Growth of new materials is the cornerstone of materials science - a highly inter-disciplinary field of science that touches every aspect of our lives from computers and cell phones to the clothes we wear.
At the same time, the energy crisis has brought the spotlight on synthesis and growth of materials for clean energy technologies, such as solar cells and batteries. However, researchers in these areas do not simply grow materials —they assemble the atoms and molecules that form so-called thin films on various substrates. It is a process that is highly complex, time-consuming and requires significantly high temperatures.
Now a multidisciplinary team at the University of Texas at Austin's Cockrell School of Engineering is using microwave energy to assemble atoms into thin films and grow them directly onto a substrate at significantly low temperatures. Results of the team's research conducted under the supervisions of Professor Arumugam Manthiram of the Texas Materials Institute and the Department of Mechanical Engineering and Professor Ali Yilmaz of the Department of Electrical and Computer Engineering, were published in the 19th December issue of Nature Publications' online, open-access journal Scientific Reports.
"Lowering the temperature at which thin films of relevant materials can be grown is one of the key focus areas of our research," said Reeja Jayan, postdoctoral fellow at UT-Austin and one of the lead authors of the paper. "With our microwave process, we could bring down temperatures to the level that enable us to grow materials on heat-sensitive surfaces, such as plastics, without damaging them."
The conventional methods for growing thin films typically require temperatures over 450 degrees Celsius for several hours and a cumbersome multi-step process. With the new method, thin films can now be grown at temperatures as low as 150 degree Celsius in less than 30 minutes, in a single step process, by using microwaves."With this new method, the process of thin film growth is made simple, wherein a solution containing the atoms of the desired material together with the substrate when exposed to microwaves can result in controlled film growth" said Professor Manthiram who supervised the experimental work. "Applications that could utilize this process include developing thin film batteries and solar cells that could be integrated into various devices like cell phones and tablets."
As part of the research, a computational model of the process was developed by the team, which helps better understand the physics behind the microwave interaction phenomena and provides them with predictive guidelines that can significantly reduce the number of experiments needed for future research. The team at UT-Austin has successfully demonstrated assembly of titanium oxide thin films at low temperatures, and is currently working toward the assembly of thin films in a variety of materials.
Sandra Zaragoza | EurekAlert!
Etching Microstructures with Lasers
25.10.2016 | Fraunhofer-Institut für Lasertechnik ILT
Applying electron beams to 3-D objects
23.09.2016 | Fraunhofer-Institut für Organische Elektronik, Elektronenstrahl- und Plasmatechnik FEP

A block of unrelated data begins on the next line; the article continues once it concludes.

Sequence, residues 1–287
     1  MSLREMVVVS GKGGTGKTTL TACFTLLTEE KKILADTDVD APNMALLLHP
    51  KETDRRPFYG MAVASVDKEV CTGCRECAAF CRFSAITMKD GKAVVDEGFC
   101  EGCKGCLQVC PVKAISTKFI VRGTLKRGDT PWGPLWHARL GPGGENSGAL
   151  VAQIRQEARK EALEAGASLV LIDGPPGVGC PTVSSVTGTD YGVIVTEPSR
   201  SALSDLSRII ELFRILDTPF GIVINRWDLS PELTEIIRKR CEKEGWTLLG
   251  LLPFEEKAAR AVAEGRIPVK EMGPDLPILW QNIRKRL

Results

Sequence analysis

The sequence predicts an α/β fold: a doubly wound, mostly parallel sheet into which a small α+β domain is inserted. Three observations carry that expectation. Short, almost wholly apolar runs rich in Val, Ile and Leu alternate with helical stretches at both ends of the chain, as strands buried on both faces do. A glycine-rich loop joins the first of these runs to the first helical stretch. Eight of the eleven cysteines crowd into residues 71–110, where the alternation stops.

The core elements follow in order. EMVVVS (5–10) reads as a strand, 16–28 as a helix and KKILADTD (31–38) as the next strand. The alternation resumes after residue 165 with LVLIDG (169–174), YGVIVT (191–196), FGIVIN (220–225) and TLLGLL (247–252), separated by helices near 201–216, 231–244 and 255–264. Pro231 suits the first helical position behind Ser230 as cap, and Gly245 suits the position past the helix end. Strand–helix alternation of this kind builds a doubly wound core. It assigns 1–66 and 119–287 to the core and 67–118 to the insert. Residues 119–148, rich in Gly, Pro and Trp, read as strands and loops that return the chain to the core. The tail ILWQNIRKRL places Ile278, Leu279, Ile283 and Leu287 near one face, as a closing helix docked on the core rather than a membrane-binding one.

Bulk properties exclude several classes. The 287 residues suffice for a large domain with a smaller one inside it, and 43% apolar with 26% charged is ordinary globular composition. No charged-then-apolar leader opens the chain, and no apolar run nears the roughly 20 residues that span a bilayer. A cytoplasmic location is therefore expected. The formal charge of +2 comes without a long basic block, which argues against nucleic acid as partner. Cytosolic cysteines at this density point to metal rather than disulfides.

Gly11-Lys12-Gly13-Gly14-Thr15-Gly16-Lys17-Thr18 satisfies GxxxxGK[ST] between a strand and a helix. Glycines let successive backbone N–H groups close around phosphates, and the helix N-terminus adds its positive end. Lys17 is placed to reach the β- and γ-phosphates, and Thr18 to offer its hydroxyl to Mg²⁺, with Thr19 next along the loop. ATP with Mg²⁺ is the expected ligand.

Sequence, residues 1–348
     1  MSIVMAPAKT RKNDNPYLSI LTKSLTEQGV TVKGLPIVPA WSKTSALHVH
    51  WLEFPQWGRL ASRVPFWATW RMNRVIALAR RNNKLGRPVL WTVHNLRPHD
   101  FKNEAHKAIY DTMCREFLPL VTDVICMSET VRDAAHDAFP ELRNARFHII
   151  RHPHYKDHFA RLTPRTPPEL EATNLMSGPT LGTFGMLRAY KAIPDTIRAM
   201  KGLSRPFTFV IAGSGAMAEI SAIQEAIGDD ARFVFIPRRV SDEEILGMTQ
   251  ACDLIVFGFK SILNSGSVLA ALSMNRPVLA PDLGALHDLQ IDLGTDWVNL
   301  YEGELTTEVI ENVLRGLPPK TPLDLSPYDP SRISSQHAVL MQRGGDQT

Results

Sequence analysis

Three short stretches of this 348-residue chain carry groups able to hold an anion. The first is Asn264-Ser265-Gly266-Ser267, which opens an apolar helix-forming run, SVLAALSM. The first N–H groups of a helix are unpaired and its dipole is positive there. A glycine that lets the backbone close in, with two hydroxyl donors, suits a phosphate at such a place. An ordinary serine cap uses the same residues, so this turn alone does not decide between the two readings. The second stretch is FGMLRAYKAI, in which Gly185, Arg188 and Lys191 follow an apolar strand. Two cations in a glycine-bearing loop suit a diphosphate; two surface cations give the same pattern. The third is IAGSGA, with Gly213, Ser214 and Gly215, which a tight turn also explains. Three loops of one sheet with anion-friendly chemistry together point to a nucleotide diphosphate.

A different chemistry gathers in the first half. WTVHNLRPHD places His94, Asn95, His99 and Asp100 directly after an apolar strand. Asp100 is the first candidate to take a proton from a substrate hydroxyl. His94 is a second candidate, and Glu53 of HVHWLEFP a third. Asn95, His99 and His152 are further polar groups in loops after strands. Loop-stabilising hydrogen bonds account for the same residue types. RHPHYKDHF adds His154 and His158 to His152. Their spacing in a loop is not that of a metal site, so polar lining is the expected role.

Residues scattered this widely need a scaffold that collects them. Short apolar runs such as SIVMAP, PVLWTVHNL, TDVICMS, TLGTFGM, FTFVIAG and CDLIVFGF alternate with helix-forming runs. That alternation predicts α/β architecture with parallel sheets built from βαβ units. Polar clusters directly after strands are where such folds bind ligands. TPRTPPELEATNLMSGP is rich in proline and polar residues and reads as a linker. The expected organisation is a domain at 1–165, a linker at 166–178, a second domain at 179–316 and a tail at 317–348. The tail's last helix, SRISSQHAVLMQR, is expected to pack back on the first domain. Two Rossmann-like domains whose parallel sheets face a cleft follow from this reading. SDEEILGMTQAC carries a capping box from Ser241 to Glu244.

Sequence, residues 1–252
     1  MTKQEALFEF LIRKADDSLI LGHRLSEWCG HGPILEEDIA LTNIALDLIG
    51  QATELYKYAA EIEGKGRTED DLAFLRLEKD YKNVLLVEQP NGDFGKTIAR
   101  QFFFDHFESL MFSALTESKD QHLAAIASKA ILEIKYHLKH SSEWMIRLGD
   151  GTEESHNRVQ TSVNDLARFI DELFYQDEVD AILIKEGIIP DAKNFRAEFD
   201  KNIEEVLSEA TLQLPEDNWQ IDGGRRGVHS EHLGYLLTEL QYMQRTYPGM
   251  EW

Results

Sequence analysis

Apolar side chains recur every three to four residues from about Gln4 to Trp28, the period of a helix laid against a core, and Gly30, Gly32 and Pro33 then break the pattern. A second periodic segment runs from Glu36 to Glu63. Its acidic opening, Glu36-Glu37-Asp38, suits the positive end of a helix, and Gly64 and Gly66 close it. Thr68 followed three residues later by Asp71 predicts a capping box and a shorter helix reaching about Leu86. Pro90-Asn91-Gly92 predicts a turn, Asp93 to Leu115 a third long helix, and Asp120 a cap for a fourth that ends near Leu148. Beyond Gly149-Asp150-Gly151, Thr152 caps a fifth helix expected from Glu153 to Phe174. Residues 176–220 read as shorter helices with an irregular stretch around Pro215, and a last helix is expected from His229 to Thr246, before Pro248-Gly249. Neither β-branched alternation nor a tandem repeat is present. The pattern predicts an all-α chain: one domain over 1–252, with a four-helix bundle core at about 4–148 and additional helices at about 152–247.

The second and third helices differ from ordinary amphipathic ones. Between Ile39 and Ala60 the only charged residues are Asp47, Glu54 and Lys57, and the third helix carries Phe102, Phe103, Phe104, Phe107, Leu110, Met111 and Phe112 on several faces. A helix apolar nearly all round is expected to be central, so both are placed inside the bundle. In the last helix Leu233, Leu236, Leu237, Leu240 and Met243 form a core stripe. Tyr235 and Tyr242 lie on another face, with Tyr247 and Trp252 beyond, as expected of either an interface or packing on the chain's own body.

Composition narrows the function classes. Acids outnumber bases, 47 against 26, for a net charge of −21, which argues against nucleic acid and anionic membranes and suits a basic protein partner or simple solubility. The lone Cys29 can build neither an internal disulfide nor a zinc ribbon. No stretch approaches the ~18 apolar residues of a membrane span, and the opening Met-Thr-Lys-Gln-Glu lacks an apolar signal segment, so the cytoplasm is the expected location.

Physicists of the University of Würzburg have made an astonishing discovery in a specific type of topological insulators. The effect is due to the structure of the materials used. The researchers have now published their work in the journal Science.
Topological insulators are currently the hot topic in physics according to the newspaper Neue Zürcher Zeitung. Only a few weeks ago, their importance was...
In recent years, lasers with ultrashort pulses (USP) down to the femtosecond range have become established on an industrial scale. They could advance some applications with the much-lauded “cold ablation” – if that meant they would then achieve more throughput. A new generation of process engineering that will address this issue in particular will be discussed at the “4th UKP Workshop – Ultrafast Laser Technology” in April 2017.
Even back in the 1990s, scientists were comparing materials processing with nanosecond, picosecond and femtosesecond pulses. The result was surprising:...
Have you ever wondered how you see the world? Vision is about photons of light, which are packets of energy, interacting with the atoms or molecules in what...
A multi-institutional research collaboration has created a novel approach for fabricating three-dimensional micro-optics through the shape-defined formation of porous silicon (PSi), with broad impacts in integrated optoelectronics, imaging, and photovoltaics.
Working with colleagues at Stanford and The Dow Chemical Company, researchers at the University of Illinois at Urbana-Champaign fabricated 3-D birefringent...
In experiments with magnetic atoms conducted at extremely low temperatures, scientists have demonstrated a unique phase of matter: The atoms form a new type of quantum liquid or quantum droplet state. These so called quantum droplets may preserve their form in absence of external confinement because of quantum effects. The joint team of experimental physicists from Innsbruck and theoretical physicists from Hannover report on their findings in the journal Physical Review X.
“Our Quantum droplets are in the gas phase but they still drop like a rock,” explains experimental physicist Francesca Ferlaino when talking about the...
16.11.2016 | Event News
01.11.2016 | Event News
14.10.2016 | Event News
09.12.2016 | Life Sciences
09.12.2016 | Ecology, The Environment and Conservation
09.12.2016 | Health and Medicine